We write to you today concerning the destruction wildfires are inflicting across Washington state. Over the last several years, Washington has faced extreme heat and drought conditions, along with outdated forest management policies that have severely exacerbated fire conditions. These recent events have decimated critical conservation areas, including greater sage grouse recovery efforts, tree fruit operations, and cattle operations in Washington. We urge you to visit Central and Eastern Washington to witness the damage being done and the need for new solutions.

In Central and Eastern Washington, we are all too familiar with catastrophic-sized wildfires and their repercussions. Over Labor Day weekend in 2020, we witnessed a firestorm in Douglas and Okanogan Counties that was fast and destructive. The 189,923-acre Cold Springs Fire jumped the Columbia River to burn an additional 223,730 acres in the Pearl Hill Fire. The Cold Springs Fire burned so fast that one family was left stranded and severely burned while their son lost his life, and the mother lost her unborn child due to the extent of her injuries. Over the same weekend in Whitman County, the Babb Road Fire completely decimated the towns of Malden and Pine City.

Our towns are still recovering from the devastation of these events.

This year is no different. Just last week in Washington, there were 14 major fires. Nine of those fires burned or are actively burning in Okanogan County, and others pose significant threats to suburban and rural communities:

  • The Cedar Creek and Cub Creek Fires, two active fires near the cities of Winthrop and Twisp, have already burned 123,939 acres and are still growing. These fires continue to threaten these communities and have halted the recreational activities the area depends on for economic viability.
  • The Muckamuck Fire has been encroaching on the town of Conconully. This fire has already burned grazing permitted land and left no time to relocate the livestock in the area.
  • The Walker Creek Fire and Chickadee Fire continue to burn between the towns of Tonasket and Republic. These two active fires are threatening over 900 structures where evacuation orders remain in place. Both fires continue to burn through grazing permitted land, logging areas, recreation sites, and lynx habitats.
  • The Whitmore Fire is actively burning at 58,280 acres, and the Summit Trail Fire is at 42,670 acres. These fires are expected to grow even larger as they have minimal containment.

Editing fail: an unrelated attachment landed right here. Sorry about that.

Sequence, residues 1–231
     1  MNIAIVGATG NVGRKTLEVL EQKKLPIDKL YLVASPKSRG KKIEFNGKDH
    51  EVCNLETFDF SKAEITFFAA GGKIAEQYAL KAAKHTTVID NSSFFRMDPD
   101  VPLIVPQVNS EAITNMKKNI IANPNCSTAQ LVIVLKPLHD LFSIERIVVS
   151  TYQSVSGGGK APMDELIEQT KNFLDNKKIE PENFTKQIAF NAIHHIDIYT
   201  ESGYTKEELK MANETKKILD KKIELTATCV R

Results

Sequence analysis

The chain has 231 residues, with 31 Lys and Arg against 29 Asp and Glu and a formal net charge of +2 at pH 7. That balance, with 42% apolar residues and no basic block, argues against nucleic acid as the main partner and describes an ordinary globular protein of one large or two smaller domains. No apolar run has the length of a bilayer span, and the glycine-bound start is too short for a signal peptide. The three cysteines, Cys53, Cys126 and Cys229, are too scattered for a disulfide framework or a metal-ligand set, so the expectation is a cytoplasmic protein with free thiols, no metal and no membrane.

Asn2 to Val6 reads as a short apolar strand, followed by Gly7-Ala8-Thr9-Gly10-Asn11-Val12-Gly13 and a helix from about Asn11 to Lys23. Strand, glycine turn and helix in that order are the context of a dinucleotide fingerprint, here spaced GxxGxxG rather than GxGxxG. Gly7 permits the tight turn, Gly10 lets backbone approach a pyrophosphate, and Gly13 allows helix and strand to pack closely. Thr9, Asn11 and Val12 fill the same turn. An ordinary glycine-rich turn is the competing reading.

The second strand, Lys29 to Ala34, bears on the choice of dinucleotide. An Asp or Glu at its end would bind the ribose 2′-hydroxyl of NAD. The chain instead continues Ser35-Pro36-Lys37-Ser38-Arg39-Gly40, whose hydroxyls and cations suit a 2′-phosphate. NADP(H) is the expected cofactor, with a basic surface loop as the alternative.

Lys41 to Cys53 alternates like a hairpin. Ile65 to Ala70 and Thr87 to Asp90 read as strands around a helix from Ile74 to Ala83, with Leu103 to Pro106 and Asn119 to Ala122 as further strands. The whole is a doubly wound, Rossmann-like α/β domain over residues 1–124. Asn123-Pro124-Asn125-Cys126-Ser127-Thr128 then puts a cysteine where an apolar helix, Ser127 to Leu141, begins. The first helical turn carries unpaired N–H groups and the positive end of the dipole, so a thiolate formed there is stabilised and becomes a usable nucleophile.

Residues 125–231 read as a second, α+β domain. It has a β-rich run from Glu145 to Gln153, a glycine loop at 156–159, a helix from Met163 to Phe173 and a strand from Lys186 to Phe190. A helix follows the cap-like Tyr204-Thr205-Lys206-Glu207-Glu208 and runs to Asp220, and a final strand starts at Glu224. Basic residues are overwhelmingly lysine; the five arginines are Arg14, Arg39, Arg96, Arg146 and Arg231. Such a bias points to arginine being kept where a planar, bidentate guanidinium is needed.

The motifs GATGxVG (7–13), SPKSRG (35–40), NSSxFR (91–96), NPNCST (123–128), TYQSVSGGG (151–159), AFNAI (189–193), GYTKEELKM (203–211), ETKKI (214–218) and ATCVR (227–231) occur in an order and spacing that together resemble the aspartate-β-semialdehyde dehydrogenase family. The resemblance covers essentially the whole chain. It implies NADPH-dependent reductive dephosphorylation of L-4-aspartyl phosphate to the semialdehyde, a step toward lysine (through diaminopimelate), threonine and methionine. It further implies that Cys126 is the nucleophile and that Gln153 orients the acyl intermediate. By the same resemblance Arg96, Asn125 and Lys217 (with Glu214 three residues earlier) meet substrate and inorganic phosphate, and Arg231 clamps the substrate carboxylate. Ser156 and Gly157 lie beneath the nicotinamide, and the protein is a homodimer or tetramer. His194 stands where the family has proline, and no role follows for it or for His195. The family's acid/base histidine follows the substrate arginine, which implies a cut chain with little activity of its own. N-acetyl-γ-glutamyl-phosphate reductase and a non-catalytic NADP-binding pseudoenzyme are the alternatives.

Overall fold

• The Corkscrew Fire north of Spokane has already claimed several homes.
  • The Schneider Springs fire in Yakima County, northwest of Naches has burned just under 70,000 acres and continues to grow.
  • The TwentyFive Mile fire in Chelan County just north of Chelan continues to grow in size and is only 8% contained.

Unfortunately, earlier this summer, the Colville Reservation was in the path of the Chuweah Creek wildfire. The Chuweah Creek Fire burned 36,752 acres, including three homes, and almost burned down the town of Nespelem. Washington State has faced significant challenges over the last decade with the persistent spread of catastrophic wildfires. Secretary Vilsack, you might recall the wildfires that occurred during your previous tenure as Secretary in 2014 and 2015 when the Mills Canyon, Carlton Complex, and the Okanogan Complex, among others, burned over 1.4 million acres. Much of the same areas are burning today.

This year, Washington state continues to face severe wildfire conditions, and we are only just entering our fire season. For years, strategies to mitigate and fight wildfires have not yielded results – just look at the amount of damage that has occurred in Central and Eastern Washington over the last six years. Federal agencies must act now to address these devastating wildfires. We urge you to come to our districts in Central and Eastern Washington to meet with local leaders and hear directly from them on the challenges we continue to face. We hope to find common ground and develop new strategies to prevent and protect the lives and land that continue to meet these disastrous challenges. This is not the legacy we want to leave our children.

We look forward to your response and hosting you in Washington state.